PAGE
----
The Blue Stane (stone) now largely ignored, was once a Celtic place of power in the landscape around St Andrews.
This ruined dun is said to have been the home of a giant called Cuithach, who in the tradition of most giants, laid waste to the surrounding area by stealing cattle and killing local people.
Famous for the Burning of the Bartle festival, when an effigy of St Bartholomew is burned in the town. The festival takes place on the nearest Saturday to the 24th of August.
This burial mound has five carved stones within its chamber, now capped by concrete to prevent their erosion. The stones are carved with a range of patterns including spirals cup marks and zig-zag features. The purpose of these marks is unknown, but they may have had some ritual function.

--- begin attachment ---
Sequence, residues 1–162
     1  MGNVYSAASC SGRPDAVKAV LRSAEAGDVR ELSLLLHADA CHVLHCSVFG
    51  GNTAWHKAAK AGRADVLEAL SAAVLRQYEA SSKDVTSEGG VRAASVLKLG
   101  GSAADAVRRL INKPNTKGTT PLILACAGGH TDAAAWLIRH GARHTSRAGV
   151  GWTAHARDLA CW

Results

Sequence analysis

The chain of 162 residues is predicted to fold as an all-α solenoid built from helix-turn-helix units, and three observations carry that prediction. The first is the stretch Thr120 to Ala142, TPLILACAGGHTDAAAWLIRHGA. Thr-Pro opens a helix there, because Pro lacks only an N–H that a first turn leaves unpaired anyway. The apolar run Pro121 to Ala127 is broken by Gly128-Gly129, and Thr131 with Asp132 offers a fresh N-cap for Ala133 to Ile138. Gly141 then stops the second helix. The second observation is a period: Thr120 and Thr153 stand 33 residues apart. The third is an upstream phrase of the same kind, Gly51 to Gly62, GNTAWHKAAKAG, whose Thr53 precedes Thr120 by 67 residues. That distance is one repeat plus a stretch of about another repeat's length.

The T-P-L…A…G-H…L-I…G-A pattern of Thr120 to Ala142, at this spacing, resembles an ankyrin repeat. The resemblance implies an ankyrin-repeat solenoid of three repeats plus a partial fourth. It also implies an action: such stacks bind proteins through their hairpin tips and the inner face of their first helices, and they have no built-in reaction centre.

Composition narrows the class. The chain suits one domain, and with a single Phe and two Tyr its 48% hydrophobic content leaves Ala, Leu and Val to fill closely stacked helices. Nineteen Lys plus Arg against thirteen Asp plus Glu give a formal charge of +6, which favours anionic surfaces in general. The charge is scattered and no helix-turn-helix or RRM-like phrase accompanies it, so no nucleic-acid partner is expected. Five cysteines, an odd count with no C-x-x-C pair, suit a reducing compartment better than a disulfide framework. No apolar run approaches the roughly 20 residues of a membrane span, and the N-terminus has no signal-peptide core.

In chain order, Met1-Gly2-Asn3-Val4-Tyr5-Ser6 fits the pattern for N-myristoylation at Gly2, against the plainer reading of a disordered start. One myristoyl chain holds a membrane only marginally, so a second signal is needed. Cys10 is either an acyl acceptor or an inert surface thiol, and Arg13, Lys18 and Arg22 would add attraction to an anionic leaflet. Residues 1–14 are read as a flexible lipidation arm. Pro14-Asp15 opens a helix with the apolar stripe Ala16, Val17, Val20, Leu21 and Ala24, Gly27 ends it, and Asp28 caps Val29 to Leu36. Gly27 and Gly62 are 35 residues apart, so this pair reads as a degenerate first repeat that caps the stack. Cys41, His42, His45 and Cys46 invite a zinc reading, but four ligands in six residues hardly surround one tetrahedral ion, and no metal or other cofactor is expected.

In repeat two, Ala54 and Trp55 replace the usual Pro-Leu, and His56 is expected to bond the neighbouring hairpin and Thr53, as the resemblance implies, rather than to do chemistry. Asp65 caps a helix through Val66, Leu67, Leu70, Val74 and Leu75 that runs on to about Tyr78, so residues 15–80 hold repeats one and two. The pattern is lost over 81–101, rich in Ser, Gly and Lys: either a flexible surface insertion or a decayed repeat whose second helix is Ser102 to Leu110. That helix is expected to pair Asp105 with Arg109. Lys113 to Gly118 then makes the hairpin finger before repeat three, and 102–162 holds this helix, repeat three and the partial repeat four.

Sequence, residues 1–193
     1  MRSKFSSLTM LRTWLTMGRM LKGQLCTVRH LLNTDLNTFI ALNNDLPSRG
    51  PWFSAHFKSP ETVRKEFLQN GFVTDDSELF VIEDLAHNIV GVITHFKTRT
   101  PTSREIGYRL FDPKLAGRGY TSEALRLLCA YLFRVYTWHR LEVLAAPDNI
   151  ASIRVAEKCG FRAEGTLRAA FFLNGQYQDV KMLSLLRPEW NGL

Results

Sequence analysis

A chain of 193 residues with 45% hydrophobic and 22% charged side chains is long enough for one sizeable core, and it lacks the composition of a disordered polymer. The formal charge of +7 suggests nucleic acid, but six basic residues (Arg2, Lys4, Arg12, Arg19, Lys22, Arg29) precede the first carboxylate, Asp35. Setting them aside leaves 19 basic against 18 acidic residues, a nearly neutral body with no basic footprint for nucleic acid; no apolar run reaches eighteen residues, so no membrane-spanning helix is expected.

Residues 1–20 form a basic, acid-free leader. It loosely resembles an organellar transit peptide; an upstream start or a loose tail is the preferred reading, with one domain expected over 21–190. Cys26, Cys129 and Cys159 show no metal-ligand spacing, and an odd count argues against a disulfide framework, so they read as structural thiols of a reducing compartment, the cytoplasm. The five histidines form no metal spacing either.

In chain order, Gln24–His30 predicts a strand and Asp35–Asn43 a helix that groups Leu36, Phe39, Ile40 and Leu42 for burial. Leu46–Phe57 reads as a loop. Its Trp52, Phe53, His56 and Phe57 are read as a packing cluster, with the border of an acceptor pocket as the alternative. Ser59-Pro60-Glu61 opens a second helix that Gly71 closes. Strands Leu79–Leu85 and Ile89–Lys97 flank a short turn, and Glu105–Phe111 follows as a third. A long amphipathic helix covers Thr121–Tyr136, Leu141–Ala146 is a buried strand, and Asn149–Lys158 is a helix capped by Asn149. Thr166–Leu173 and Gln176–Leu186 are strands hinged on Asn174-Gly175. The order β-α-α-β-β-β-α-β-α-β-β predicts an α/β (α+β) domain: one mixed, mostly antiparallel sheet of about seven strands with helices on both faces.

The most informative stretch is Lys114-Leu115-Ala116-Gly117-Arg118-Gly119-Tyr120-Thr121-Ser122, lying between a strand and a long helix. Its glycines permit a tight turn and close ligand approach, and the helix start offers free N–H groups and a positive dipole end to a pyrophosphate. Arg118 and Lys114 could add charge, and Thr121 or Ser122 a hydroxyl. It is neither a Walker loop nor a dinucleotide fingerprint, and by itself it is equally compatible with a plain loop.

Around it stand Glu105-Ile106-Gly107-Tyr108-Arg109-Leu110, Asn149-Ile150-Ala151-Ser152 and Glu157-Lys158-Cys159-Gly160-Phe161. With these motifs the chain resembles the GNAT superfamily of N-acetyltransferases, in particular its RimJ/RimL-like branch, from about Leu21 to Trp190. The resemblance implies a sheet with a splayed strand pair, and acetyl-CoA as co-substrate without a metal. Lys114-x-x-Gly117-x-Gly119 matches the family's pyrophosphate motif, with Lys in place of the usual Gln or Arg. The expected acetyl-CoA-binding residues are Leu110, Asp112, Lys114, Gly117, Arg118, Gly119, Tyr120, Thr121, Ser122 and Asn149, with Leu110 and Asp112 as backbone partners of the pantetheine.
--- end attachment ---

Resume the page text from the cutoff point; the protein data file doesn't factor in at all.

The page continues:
Standing 3650 ft above sea level, Snowdon is the highest peak in Wales, second highest mountain in Britain and is also probably the busiest due to it popularity with hillwalkers.
This holy mountain has a rock seat called ‘The Seat of Prince Idris’. It is said that anyone who spends the night alone on the mountain will either die, become insane or become a poet.
The seat of Prince Idris is also known as the Chair of Idris, and was named after a giant who was said to view the heavens from this lofty point.
The Isle of Arran, off the West Coast of Scotland, has many stone circles and standing stones dating from the Neolithic period and the early Bronze Age. The finest collection of circles can be found on Machrie Moor, on the West of the island. The whole moorland is littered with the remains of early man, from hut circles to chambered cairns and solitary standing stones.
Two Norse giants lived on the Isle of Unst, which is the most northerly of the Shetland Islands. One giant was called Herman and his rival was Saxi (Saxa).